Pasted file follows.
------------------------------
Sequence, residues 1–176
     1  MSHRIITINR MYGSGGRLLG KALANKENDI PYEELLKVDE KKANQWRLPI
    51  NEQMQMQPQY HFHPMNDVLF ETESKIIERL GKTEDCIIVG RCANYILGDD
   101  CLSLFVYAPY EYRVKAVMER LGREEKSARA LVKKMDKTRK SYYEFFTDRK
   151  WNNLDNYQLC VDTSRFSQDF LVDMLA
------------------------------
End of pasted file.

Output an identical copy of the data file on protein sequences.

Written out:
Sequence, residues 1–176
     1  MSHRIITINR MYGSGGRLLG KALANKENDI PYEELLKVDE KKANQWRLPI
    51  NEQMQMQPQY HFHPMNDVLF ETESKIIERL GKTEDCIIVG RCANYILGDD
   101  CLSLFVYAPY EYRVKAVMER LGREEKSARA LVKKMDKTRK SYYEFFTDRK
   151  WNNLDNYQLC VDTSRFSQDF LVDMLA